Castleman disease: “I am living proof that everything depends on your mindset”
Published Dec 7, 2021 • By Charlotte Avril
Shumekia, who has idiopathic multicentric Castleman disease and is a member of the CDCN, tells us about her battle against the disease, her daily life, and how faith has helped her to overcome these challenges.
Read her story below!
Hello Shumekia, thank you for sharing your story.
Can you tell us a little bit about yourself and your diagnosis?
My name is Shumekia Marie, and I am fighting idiopathic multicentric Castleman disease. I'm 36, a mother of 3, and I was told in 2013 that I wouldn't live to 35. I have had 14 major surgeries in 3 years, to remove the lymph nodes that were affected by the disease.
What is the impact of the disease on your everyday life?
I work full-time, and I have chemotherapy in the evenings after work. This has been one of the biggest challenges of my life. My body is riddled with pain every day, and the moments of tiredness and weariness caused by the disease can be overwhelming. But I keep going no matter what.
Have you had any support in your fight against Castleman disease?
My children have saved my life. Without them, I would have given up. But because I am all they have, I decided the day I was diagnosed in 2013, that I was going to fight. I have been fighting ever since and every day I pray for a cure. I also pray that I can be the person to show all those who are living with disease or any other, that faith makes everything possible. I am a living proof that everything depends on your mindset.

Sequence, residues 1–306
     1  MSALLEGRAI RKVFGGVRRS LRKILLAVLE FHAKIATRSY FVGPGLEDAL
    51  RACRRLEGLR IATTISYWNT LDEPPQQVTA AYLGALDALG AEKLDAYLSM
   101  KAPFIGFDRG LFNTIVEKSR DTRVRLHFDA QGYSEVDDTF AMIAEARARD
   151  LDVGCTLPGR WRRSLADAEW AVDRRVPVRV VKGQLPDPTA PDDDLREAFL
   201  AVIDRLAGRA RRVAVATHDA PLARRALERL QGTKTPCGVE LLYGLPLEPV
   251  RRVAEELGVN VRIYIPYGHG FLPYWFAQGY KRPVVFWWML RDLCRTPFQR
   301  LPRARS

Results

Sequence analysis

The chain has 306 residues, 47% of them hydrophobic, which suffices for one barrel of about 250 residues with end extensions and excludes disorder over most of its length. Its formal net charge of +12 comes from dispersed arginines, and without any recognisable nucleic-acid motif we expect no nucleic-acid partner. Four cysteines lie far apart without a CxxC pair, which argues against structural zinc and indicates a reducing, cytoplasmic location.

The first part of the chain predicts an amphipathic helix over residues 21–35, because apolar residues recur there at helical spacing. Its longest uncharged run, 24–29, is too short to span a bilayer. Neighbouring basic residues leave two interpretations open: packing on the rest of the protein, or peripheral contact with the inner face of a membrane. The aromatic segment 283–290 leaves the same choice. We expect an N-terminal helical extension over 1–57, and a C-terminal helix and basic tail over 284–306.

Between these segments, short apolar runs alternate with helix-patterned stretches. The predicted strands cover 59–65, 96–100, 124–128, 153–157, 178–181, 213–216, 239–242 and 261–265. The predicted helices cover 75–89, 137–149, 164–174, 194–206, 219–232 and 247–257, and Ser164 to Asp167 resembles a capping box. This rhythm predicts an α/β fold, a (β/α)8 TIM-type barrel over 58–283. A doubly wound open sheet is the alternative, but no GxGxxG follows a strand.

Where do you find the strength to keep fighting?
My struggle, and the strength with which I'm facing the disease, also lies in the way I manage the outcomes of each appointment and in the way I endure chemotherapy. My personal mission is to be the first patient diagnosed with Castleman disease to beat it - and to stay in remission. "My afflictions are not to be the death of me but to get my attention."
Can you tell us more about what the CDCN and Dr. David Fajgenbaum have done for you?
The CDCN has helped me meet people like myself and let me know that I am not alone, that I'm not the only one with the "I don't know what's wrong with you" disease. I no longer feel alone thanks to all the summits and the community filled with people who are battling like me or even on another level. I am forever grateful to Dr. David and his team. I needed this. Thank you.
Is there something you would like to share with other Carenity members living with Castleman disease?
If there was something I had to say to every member of the community to help them fight against this disease, it would be: "Don't let the disease challenge you, challenge it yourself!"
Give it a "like" and share your thoughts and questions with the community in the comments below!
Testimonial adapted from the CDCN